ON the 25th of January each year, people all over Wales celebrate St Dwynwen’s Day, the traditional Welsh equivalent of Valentine’s Day but much sooner. Why wait until Valentine’s Day when you can celebrate the Welsh way?
The story behind St Dwynwen’s Day?
St Dwynwen was the Welsh Patron Saint of love, who came from Anglesey. Dwynwen means “she who leads a blessed life”. During the 5th Century, she fell in love a prince called Maelon Dafodrill, however her father had already arranged that she should marry someone else. Being so upset that she couldn’t marry the man that she loved, she begged god that she could instantly forget him. God sent Dwynwen an angel carrying a potion to make her forget and said that Maelon would turn into a block of ice. God then gave Dwynwen three wishes. She wished that Maelon would be thawed, that god meets the hopes and dreams of true lovers, and third that she should never marry. God granted Dwynwen her wishes and as a mark of gratefulness she devoted herself to god’s service for the rest of her life.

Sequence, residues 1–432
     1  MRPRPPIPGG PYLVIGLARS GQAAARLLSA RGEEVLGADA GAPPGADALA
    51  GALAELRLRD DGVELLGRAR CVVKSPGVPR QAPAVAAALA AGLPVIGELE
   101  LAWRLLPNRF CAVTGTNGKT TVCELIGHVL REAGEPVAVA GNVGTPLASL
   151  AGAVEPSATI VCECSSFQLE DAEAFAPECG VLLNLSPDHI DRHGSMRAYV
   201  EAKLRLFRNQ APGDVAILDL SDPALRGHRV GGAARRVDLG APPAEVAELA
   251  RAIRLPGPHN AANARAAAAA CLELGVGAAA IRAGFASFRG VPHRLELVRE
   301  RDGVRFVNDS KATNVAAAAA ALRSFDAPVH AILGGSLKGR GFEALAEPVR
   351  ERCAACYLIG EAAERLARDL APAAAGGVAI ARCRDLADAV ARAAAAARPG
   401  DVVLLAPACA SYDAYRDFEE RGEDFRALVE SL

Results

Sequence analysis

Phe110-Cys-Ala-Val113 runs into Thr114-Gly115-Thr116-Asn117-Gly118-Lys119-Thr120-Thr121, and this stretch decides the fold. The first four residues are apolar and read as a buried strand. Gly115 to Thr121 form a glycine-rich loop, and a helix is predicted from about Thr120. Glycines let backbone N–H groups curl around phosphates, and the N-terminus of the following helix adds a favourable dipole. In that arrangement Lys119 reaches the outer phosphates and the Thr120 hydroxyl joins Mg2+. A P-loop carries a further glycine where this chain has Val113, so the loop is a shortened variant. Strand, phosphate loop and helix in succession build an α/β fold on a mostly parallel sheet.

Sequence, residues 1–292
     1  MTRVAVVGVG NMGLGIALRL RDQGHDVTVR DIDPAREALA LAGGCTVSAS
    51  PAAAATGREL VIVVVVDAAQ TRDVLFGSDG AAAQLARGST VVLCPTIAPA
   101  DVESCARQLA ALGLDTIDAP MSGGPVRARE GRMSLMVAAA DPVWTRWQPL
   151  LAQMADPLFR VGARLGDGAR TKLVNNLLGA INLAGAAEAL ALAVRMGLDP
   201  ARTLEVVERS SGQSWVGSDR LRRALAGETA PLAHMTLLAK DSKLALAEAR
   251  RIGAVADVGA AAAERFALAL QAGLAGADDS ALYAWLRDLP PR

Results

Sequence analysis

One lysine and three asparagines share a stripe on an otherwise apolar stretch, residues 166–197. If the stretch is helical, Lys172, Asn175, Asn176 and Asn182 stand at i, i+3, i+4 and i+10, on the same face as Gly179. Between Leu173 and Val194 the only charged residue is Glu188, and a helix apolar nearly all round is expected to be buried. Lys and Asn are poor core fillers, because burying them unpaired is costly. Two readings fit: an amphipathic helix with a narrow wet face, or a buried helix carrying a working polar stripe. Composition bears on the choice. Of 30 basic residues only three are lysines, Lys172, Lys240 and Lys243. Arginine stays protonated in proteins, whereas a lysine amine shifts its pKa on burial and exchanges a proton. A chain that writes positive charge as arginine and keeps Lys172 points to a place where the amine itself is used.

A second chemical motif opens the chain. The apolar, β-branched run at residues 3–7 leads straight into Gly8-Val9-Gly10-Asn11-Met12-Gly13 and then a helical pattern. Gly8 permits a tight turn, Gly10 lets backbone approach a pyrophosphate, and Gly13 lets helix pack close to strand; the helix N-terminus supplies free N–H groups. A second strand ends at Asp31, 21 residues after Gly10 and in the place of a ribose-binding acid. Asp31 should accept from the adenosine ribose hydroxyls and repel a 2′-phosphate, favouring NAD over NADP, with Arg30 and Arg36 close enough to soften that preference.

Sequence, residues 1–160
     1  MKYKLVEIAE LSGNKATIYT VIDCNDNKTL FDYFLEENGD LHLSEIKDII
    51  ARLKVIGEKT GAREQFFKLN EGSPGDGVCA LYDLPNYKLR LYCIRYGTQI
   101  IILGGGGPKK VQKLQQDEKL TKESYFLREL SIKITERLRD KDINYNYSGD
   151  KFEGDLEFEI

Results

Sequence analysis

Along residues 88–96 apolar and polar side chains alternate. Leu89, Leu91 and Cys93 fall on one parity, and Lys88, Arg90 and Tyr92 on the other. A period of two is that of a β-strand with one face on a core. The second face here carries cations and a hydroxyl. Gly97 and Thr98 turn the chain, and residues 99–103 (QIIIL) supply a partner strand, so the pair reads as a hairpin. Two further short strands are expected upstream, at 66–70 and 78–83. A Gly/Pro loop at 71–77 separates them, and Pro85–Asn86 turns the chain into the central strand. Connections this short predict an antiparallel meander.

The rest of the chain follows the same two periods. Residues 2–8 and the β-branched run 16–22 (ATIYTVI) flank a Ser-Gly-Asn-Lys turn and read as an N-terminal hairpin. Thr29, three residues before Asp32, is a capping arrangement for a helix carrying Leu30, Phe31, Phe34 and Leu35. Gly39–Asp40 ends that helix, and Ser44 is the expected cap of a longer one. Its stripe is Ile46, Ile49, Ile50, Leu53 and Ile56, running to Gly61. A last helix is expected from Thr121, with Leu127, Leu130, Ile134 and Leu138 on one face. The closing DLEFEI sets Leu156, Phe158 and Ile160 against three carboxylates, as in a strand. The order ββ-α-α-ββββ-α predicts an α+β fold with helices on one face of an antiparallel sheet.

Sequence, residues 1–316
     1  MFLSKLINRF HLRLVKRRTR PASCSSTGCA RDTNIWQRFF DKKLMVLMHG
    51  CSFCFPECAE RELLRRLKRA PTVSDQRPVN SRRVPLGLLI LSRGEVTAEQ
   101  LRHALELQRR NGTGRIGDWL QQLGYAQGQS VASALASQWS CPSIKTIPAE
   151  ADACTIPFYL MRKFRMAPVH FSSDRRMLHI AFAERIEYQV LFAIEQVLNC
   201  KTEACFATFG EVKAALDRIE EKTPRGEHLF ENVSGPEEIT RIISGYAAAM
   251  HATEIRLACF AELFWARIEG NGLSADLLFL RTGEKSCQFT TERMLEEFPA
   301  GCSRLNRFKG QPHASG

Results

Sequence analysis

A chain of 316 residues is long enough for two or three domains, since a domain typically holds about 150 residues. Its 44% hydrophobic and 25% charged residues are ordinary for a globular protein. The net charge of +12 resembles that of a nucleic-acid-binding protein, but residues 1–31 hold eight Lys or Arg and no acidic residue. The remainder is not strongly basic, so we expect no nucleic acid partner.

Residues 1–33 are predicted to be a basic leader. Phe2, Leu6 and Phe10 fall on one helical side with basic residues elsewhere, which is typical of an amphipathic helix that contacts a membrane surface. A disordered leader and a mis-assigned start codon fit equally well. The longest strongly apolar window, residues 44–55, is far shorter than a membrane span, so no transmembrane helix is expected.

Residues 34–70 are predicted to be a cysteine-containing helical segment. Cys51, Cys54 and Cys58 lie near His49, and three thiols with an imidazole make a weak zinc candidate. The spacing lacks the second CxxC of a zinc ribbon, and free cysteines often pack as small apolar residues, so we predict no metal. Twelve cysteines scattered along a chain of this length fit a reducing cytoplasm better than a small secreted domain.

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Santes Dwynwen’s church can be found on the tiny island of Llanddwyn, off the West Coast of Anglesey. You can visit it when the tide allows you to do so. The convent on the island remains today along with St Dwynwen’s Well.
A Traditional Gift?
Traditionally you would give someone a wooden Welsh love spoon on St Dwynwen’s Day, but we’re aware that it’s the 21st Century and that a wooden spoon may not be a feasible mark of love anymore. Personally I know plenty of ladies who’d prefer something small & expensive that sparkles!
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